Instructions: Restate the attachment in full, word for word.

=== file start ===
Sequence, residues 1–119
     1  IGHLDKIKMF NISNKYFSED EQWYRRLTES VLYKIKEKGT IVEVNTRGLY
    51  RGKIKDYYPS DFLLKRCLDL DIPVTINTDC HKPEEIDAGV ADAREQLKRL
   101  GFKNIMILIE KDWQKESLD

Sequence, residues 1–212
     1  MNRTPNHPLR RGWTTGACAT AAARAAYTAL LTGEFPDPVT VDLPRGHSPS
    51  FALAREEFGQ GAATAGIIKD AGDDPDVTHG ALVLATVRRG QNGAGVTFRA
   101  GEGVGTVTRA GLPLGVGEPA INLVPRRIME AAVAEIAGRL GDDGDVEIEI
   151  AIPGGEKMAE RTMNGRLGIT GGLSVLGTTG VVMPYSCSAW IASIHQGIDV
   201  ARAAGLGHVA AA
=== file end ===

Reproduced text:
Sequence, residues 1–119
     1  IGHLDKIKMF NISNKYFSED EQWYRRLTES VLYKIKEKGT IVEVNTRGLY
    51  RGKIKDYYPS DFLLKRCLDL DIPVTINTDC HKPEEIDAGV ADAREQLKRL
   101  GFKNIMILIE KDWQKESLD

Sequence, residues 1–212
     1  MNRTPNHPLR RGWTTGACAT AAARAAYTAL LTGEFPDPVT VDLPRGHSPS
    51  FALAREEFGQ GAATAGIIKD AGDDPDVTHG ALVLATVRRG QNGAGVTFRA
   101  GEGVGTVTRA GLPLGVGEPA INLVPRRIME AAVAEIAGRL GDDGDVEIEI
   151  AIPGGEKMAE RTMNGRLGIT GGLSVLGTTG VVMPYSCSAW IASIHQGIDV
   201  ARAAGLGHVA AA